requirement is 125% of the mortgage repayment - at least £1125!!!

Does anybody have any ideas about how BTL could possibily be a good idea for a new "investor" in the current climate?

Maybe it's something to do with the line "No need to provide proof of income" on the website.

I just tried to call B&B posing as an interested landlord-to-be to talk through my figures and see what they say, but they

were closed. If I get chance, I'll do it tomorrow. Will be interesting.

the small non-diversified mortgage companies are going to get a serious cummapance; their faith in property is bewildering.

as a further example, here's a list from moneysupermarket.com of most superficially competitive self-cert and sub-prime mortgage providers:

SELF CERT:

Standard Life Bank

5.34% 2 Years 7.31% 7.4% APR 75% No overhang

Ipswich BS

5.74% Oct 2009 7.49% 7.4% APR 75% No overhang

Cheshire BS

5.79% 3 Years 7.79% 7.7% APR 80% No overhang

Cheshire BS

5.94% 5 Years 7.79% 7.5% APR 80% No overhang

Leeds BS

6.05% Term 7.75% 6.5% APR 80% No overhang

ADVERSE CREDIT:

Yorkshire BS

5.14% 2 Years 7.65% 7.6% APR 95% No overhang

Beverley BS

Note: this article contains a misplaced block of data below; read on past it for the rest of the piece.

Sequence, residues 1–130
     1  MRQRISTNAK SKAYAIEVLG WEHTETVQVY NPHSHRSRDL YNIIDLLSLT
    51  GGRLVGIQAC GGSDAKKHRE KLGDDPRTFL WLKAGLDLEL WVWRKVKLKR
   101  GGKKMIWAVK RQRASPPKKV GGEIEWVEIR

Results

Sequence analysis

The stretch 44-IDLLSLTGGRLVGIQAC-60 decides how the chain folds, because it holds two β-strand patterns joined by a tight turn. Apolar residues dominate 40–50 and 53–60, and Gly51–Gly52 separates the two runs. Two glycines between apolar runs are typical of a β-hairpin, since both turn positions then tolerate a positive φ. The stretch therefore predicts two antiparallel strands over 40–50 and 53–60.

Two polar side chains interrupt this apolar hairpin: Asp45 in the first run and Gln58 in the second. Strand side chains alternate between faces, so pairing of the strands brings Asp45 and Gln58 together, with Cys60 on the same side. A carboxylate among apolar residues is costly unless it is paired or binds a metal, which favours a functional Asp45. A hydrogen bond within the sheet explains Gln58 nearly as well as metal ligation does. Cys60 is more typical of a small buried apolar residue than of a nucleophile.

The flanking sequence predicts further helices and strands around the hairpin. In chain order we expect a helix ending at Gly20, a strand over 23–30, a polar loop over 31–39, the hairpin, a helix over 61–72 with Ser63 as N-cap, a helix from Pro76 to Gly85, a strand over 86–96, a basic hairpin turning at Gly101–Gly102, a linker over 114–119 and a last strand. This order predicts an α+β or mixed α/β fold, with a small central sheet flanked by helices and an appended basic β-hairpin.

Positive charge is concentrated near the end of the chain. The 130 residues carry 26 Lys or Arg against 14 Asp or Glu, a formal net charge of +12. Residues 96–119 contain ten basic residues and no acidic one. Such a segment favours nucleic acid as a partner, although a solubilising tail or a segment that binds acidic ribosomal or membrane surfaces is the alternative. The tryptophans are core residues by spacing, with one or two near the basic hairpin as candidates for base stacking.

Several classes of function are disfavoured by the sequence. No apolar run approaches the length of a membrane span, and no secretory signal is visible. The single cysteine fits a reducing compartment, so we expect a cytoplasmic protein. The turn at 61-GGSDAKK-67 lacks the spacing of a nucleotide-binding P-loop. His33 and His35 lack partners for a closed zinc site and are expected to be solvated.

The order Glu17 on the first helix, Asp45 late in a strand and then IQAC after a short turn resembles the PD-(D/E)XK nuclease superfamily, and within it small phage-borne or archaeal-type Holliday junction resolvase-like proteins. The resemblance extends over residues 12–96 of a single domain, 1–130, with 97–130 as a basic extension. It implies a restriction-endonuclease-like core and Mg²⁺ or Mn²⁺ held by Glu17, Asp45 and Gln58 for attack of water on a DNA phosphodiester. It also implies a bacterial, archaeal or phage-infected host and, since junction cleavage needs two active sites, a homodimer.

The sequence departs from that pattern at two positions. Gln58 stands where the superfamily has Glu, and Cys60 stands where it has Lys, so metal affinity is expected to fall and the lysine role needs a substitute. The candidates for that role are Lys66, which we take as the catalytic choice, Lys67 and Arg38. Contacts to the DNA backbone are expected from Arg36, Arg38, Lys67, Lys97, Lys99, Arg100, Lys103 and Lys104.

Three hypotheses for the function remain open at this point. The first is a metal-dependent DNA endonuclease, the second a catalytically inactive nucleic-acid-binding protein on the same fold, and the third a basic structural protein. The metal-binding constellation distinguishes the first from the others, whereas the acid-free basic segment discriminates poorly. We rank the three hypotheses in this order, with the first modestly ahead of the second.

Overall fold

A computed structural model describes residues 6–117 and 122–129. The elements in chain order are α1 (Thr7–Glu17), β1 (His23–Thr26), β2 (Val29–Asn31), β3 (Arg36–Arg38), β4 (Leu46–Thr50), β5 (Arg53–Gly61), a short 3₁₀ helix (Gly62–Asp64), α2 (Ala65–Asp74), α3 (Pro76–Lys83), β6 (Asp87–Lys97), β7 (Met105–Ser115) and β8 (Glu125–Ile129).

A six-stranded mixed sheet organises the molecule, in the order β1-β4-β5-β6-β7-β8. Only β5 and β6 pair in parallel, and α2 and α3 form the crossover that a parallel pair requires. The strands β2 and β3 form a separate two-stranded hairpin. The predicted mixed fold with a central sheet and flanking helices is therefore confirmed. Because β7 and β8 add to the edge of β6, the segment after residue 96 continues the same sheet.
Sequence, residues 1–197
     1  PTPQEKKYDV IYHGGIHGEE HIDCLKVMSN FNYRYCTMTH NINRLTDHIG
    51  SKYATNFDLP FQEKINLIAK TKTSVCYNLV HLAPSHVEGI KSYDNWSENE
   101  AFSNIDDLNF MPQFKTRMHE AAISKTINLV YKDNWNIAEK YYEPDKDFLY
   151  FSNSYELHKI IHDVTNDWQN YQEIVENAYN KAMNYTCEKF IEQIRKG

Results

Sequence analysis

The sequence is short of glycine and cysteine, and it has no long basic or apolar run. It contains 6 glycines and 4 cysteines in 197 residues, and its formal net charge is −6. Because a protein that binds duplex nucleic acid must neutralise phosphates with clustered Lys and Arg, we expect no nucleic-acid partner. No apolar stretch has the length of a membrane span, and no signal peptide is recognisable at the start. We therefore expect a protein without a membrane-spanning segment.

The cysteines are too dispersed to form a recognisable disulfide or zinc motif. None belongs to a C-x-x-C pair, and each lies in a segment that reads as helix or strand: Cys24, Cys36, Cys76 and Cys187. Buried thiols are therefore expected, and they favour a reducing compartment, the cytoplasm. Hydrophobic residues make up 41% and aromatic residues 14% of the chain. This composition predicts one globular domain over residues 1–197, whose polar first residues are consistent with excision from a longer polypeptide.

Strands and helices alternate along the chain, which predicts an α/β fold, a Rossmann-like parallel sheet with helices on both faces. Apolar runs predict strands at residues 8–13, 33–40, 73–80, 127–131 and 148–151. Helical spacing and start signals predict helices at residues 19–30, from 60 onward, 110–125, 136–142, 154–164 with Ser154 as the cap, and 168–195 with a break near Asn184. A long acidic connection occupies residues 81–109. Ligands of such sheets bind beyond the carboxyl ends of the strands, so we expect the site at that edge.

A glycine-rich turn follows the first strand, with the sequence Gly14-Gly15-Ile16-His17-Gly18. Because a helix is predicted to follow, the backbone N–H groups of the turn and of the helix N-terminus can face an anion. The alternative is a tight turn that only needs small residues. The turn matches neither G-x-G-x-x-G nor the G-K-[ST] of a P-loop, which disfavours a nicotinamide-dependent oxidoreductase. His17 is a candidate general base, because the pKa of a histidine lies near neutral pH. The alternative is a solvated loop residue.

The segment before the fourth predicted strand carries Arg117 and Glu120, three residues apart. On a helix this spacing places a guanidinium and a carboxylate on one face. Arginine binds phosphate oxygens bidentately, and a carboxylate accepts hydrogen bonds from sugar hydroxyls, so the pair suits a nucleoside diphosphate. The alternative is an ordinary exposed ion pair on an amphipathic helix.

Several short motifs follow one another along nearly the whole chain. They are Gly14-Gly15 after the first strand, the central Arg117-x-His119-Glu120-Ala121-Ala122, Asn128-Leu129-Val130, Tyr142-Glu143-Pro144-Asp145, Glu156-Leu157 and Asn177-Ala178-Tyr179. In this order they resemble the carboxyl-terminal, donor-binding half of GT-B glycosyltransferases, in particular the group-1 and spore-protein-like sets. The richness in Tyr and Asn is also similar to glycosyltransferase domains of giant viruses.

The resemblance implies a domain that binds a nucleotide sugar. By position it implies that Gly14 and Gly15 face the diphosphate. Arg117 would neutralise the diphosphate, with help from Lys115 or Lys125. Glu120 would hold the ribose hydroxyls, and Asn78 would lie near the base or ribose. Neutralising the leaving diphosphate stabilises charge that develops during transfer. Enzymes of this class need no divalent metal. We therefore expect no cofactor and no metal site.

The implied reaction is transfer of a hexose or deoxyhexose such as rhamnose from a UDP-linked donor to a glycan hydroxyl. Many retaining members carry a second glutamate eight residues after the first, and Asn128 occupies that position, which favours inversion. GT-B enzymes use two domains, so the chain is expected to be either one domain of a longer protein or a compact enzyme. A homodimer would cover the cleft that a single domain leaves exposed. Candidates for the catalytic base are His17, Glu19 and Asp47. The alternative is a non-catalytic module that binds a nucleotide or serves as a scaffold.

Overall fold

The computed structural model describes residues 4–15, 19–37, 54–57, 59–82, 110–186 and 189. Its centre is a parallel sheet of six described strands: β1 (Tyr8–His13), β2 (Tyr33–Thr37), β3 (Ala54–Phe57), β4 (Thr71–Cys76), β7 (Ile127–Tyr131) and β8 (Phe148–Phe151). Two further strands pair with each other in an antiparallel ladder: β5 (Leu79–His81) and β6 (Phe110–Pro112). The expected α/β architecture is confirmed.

5.44% 2 Years 6.94% 6.9% APR 75% No overhang

BM Solutions

5.49% 3 Years 8.34% 8% APR 75% No overhang

Norwich & Peterborough BS

6.49% 10 Years 7.74% 7.2% APR 90% No overhang

Derbyshire BS

6.5% Aug 2010 7.75% 7.9% APR 80% No overhang

Standard Life is the only organisation of any commercial significance in that lot. The rest of them, like B&B, are simply likely to be hoovered up in part of the great credit market rationalisation that will also result from the ongoing correction. It's interesting to note that the biggies - the HSBCs and Barclays of this world are staying out of this side of the business, as they are diversified enough to have other areas to make money.

I used to work for one of these (smallish mortgage companies) up until quite recently, the internal view of the company was VERY bulish about property - this coming from the company's head economist, and also the mortgage lending risk manager who didn't understand basic economic terms or sound like had any A levels so far as I understood.

Edited by Si1